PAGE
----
To make it easier to tag notes quickly, we came up with a prefixing system to make things super-easy to see at a glance.
For traditional subject categories, which are useful when it’s time to do evaluations, we use the ‘$’ (it looks like an ‘S’, get it?) as a prefix. So if we’re doing something related to history, we tag it as “$History”. There are very few of these tags, but again, most of our notes have more than one “subject” tag.
When we go to tag the subject(s) of a note, all we have to do is type the ‘$’ symbol, and Evernote automatically filters our tags down to those few subjects.
For the “who” type tags, we just use our kids’ names, but with a ‘+’ at the beginning. So you may tag a note with “+Johnny”, “+Sally”, and “+OtherKid”. This allows you to go back later and look at a what a single child has been up to, or even see what activities they’ve been doing with their brothers and sisters by searching on multiple tags.
When we want to tag the kids in a note, we enter the ‘+’ symbol, and all of our tags are immediately filtered to the only the kids’ names–just three tags.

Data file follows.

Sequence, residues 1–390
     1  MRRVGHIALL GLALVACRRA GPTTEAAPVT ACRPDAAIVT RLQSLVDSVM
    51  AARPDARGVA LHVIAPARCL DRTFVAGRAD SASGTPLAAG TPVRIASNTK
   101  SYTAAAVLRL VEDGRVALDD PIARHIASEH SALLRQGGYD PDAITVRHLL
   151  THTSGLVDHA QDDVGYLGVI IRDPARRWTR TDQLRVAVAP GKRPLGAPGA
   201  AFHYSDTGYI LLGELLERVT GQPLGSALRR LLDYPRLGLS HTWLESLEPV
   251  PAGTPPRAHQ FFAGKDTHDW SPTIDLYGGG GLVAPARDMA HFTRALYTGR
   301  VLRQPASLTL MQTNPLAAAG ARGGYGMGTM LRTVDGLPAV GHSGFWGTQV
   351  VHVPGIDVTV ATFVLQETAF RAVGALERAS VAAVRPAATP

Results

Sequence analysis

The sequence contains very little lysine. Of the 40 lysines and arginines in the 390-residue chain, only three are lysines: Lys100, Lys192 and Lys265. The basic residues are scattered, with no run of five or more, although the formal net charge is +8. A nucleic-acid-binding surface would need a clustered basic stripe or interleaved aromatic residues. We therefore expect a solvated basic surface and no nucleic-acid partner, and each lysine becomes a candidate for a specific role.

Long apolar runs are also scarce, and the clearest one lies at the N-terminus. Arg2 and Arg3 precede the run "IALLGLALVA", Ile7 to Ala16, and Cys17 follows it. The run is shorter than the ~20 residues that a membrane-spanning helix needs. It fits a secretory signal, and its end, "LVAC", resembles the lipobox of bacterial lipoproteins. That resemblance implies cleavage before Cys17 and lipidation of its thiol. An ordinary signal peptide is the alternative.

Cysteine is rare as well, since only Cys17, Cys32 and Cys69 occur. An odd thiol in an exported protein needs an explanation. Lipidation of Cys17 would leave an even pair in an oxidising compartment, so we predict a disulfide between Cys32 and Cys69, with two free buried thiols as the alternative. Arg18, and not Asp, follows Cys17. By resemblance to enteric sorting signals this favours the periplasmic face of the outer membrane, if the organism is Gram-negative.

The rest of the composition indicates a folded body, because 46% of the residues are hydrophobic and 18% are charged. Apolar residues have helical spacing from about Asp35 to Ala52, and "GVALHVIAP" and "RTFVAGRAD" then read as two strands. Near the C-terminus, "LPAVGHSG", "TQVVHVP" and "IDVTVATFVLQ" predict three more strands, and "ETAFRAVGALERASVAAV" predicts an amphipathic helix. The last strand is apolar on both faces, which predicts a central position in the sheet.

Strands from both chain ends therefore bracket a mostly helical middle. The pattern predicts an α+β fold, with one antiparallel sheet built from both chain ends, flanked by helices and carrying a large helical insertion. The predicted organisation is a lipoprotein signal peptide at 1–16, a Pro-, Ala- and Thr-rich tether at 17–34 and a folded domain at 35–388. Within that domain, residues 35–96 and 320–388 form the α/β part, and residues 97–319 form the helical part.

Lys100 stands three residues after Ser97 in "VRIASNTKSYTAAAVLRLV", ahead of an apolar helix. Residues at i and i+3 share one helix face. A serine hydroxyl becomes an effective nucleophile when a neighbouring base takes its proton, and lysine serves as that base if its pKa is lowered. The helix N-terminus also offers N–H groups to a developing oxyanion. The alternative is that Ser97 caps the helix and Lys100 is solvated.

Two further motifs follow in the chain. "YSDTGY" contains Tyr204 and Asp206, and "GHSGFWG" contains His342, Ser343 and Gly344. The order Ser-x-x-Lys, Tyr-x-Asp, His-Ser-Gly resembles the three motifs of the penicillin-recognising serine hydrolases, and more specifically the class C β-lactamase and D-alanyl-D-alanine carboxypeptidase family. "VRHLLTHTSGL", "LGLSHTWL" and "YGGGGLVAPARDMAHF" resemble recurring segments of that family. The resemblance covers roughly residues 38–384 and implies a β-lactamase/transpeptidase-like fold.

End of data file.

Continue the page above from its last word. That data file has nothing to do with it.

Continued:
IMPORTANT–Since our kids are “free-range learners”, a large number of the notes we take are things we just happen to catch them doing during “play”. We’re constantly stumbling upon them doing things like observing bees and counting/sorting rocks. Lots of these activities are things they’re doing together!
For “where” we preface all of the tags with “loc”. Again, not a ton of these, but they look like locHome, locClasses, locMuseum, etc. Admittedly, we don’t use the location tags for a lot of our notes because the photos make the location obvious and Evernote can actually keep up with the precise location for you. Still, it’s nice to quickly be able to use “locBeach” to quickly see all the notes about things they’ve learned there.
By far, the most varied tag type we use is our set of “interests”. We preface these with a ‘!’ (like an ‘i’). Tons and tons of these: !Tessalations, !WaterCycle, !Sewing, !RevolutionaryWar….the list goes on and on. Unlike the others, this set of tags is constantly growing, depending on what the kids are interested in at the time.
We also use the !interest tags to get more specific information about a $subject. For example, if the two year old is sorting game chips by color and counting them, we’ll tag it as $Math, !Sorting, and !Counting.
Here’s a really great example of how we tagged a note for an activity that came about after reading a book on Pompeii. The 6 year old became interested in volcanoes, and read some other books before making one of her own.